You can't conclude too much from the distances. You can have situations in which the initial state is closer to the final state then it is to the saddle point. Using distance as a simple measure of the reaction coordinate really only applies if atoms move in a straight line between the initial and final states.
interpolate p1 p2 10
interpolate p1 p2 -10
If you generate these two images on either side of the saddle, you can then minimize the structures to get the initial and final states.
I can't see why you would need to generate a series of images, using fractions of 100, 200 and so forth. These will simply generate a set of images along the unstable mode at the saddle. These will not get you to the initial and final state minima.
You can't conclude too much from the distances. You can have situations in which the initial state is closer to the final state then it is to the saddle point. Using distance as a simple measure of the reaction coordinate really only applies if atoms move in a straight line between the initial and final states.
Thanks your replies! I am clear about the choice of fraction.
In fact, I use the DIMER method in my work to explore the diffusion path for a rotation between the metastable state A and the final state B. After finding the saddle point for a relatively lowest-energy diffusion path, I want to plot the fig for the relation between "energy and reaction coordinate".
So I want to know
1) how to determine the reaction coordinate for the saddle point relative to A or B. Because the state of A is not equivalent to B, I cann't simply scale the reaction coordinate of A (B) to -1(+1), and that of the saddle point to 0.
2) how to understand the method described in the paper of J. Chem. P 111, 7010, 1999,
The dimer is first allowed to rotate into the lowest curvature mode, the unstable mode, so that it is aligned along the reaction coordinate.
An image is placed on one side of the dimer along the direction Nˆ 1 . The distance of the image from the midpoint of the dimer (the saddle point) is chosen according to the desired resolution of the path. In a manner very similar to the algorithm used to rotate the dimer, the energy of this image
is minimized while keeping its distance from the previous image (in this case the saddle point) fixed. This procedure is repeated, each time placing a new image initially along the local path (the line between the two previous images) to minimize the number of function calls required to zero the tangential force on the new image. The process is stopped
when the minimum energy of an image is greater than that of the previous image. After the path is traced out in one direction from the saddle point to a minimum, the opposite direction must be followed to complete the minimum energy path.
I thank you for your patient to answer my question!
In fact, I use the DIMER method in my work to explore the diffusion path for a rotation between the metastable state A and the final state B. After finding the saddle point for a relatively lowest-energy diffusion path, I want to plot the fig for the relation between "energy and reaction coordinate".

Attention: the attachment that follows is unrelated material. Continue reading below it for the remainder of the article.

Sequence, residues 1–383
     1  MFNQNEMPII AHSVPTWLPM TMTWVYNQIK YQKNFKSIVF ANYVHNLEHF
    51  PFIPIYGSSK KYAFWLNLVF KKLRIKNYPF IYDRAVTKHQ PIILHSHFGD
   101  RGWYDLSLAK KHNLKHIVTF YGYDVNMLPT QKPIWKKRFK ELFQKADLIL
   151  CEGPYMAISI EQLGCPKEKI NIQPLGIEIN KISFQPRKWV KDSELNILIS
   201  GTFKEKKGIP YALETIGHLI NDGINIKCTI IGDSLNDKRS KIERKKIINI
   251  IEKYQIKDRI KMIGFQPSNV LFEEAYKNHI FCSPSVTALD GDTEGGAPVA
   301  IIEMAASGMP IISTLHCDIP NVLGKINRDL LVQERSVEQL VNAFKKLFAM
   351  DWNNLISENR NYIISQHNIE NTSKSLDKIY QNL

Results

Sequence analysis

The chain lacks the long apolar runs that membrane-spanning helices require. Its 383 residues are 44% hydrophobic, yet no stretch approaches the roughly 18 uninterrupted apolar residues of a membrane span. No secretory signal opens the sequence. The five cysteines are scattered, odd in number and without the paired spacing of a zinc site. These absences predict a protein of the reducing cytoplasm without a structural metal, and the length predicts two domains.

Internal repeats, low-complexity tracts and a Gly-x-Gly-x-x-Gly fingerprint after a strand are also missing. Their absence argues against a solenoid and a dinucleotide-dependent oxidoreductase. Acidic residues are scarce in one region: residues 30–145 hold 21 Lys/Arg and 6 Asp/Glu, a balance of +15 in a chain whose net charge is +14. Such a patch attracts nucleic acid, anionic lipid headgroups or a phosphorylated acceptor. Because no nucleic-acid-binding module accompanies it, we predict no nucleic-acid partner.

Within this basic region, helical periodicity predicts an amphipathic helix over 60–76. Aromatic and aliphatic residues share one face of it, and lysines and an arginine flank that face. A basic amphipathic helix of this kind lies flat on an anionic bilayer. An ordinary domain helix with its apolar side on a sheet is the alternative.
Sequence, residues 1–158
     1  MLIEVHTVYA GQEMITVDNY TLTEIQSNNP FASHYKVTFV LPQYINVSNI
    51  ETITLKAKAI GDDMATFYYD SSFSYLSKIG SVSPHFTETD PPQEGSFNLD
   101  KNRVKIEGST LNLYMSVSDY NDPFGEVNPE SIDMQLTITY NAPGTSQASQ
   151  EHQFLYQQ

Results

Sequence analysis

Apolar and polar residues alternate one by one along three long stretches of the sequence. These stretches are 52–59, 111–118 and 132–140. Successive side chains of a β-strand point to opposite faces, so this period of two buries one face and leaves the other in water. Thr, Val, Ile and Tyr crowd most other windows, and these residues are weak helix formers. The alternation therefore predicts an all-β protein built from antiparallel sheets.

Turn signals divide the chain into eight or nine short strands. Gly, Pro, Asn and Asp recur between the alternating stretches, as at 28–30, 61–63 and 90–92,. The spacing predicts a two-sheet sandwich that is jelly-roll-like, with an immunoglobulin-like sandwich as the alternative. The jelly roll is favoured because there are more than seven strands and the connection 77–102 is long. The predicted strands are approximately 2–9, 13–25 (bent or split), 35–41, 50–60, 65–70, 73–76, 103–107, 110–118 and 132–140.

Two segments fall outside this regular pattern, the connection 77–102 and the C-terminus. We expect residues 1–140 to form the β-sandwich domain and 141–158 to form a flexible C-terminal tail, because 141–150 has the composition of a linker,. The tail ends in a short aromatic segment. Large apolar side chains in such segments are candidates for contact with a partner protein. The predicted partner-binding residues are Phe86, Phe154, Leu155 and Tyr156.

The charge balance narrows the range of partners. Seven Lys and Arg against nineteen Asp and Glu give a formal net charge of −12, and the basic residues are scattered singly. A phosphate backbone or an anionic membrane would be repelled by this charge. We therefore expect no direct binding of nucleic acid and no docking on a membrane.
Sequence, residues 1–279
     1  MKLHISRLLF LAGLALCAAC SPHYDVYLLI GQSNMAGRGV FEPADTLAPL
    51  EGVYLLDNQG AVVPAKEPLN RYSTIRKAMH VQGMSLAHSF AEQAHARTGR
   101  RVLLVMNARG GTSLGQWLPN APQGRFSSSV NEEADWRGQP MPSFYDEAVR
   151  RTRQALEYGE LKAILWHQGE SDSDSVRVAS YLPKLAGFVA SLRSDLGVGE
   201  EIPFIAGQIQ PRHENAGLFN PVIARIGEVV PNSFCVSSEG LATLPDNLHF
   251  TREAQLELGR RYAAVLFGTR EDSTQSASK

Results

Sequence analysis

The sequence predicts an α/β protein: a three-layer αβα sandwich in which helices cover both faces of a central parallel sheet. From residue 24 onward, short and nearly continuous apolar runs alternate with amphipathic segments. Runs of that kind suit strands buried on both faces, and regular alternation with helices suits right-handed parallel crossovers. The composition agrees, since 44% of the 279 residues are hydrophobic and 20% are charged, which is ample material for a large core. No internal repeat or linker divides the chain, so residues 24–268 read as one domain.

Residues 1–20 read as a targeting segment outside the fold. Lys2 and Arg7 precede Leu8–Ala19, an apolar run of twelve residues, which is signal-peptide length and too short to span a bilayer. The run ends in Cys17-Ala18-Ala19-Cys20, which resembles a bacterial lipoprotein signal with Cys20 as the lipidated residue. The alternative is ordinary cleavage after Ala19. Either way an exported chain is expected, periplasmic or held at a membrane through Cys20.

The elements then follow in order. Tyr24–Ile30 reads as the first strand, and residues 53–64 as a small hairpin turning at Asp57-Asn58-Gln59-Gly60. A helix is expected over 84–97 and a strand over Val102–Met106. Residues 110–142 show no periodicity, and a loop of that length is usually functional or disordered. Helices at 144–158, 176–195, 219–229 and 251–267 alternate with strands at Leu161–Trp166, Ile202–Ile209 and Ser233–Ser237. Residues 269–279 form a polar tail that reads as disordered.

So I want to know
1) how to determine the reaction coordinate for the saddle point relative to A or B. Because the state of A is not equivalent to B, I cann't simply scale the reaction coordinate of A (B) to -1(+1), and that of the saddle point to 0.
2) how to understand the method described in the paper of J. Chem. P 111, 7010, 1999,
The dimer is first allowed to rotate into the lowest curvature mode, the unstable mode, so that it is aligned along the reaction coordinate.
An image is placed on one side of the dimer along the direction Nˆ 1 . The distance of the image from the midpoint of the dimer (the saddle point) is chosen according to the desired resolution of the path. In a manner very similar to the algorithm used to rotate the dimer, the energy of this image
is minimized while keeping its distance from the previous image (in this case the saddle point) fixed. This procedure is repeated, each time placing a new image initially along the local path (the line between the two previous images) to minimize the number of function calls required to zero the tangential force on the new image. The process is stopped
when the minimum energy of an image is greater than that of the previous image. After the path is traced out in one direction from the saddle point to a minimum, the opposite direction must be followed to complete the minimum energy path.
I thank you for your patient to answer my question!
The method of tracing out the minimum energy path has not been implemented in vasp. It is not really critical for finding rates.
If you just have your initial, saddle and final states, you can make a plot of these with a reaction coordinate (distance) by using the information from the three points as if they were a nudged elastic band calculation. You can either make an neb.dat file (energies, force along the path (=0), and distance) by hand and use the spline script, or put the POSCAR and OUTCAR files in 00,01,02 directories, and use our nebresults script to make a figure of the minimum energy path with the 3 known points on it.
If you just have your initial, saddle and final states, you can make a plot of these with a reaction coordinate (distance) by using the information from the three points as if they were a nudged elastic band calculation. You can either make an neb.dat file (energies, force along the path (=0), and distance) by hand and use the spline script, or put the POSCAR and OUTCAR files in 00,01,02 directories, and use our nebresults script to make a figure of the minimum energy path with the 3 known points on it.